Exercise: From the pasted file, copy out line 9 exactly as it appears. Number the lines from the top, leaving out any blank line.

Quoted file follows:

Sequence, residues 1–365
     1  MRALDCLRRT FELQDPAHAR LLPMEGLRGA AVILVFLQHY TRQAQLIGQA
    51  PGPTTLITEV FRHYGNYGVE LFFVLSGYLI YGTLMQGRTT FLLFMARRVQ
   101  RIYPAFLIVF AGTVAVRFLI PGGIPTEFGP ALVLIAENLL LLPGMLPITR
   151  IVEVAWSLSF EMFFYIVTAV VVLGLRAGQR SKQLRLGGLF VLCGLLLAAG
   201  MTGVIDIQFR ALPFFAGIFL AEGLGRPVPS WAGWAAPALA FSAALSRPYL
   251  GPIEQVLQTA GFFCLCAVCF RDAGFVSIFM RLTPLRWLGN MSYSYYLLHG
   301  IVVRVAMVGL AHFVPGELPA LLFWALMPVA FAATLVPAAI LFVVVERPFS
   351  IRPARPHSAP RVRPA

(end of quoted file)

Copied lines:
   351  IRPARPHSAP RVRPA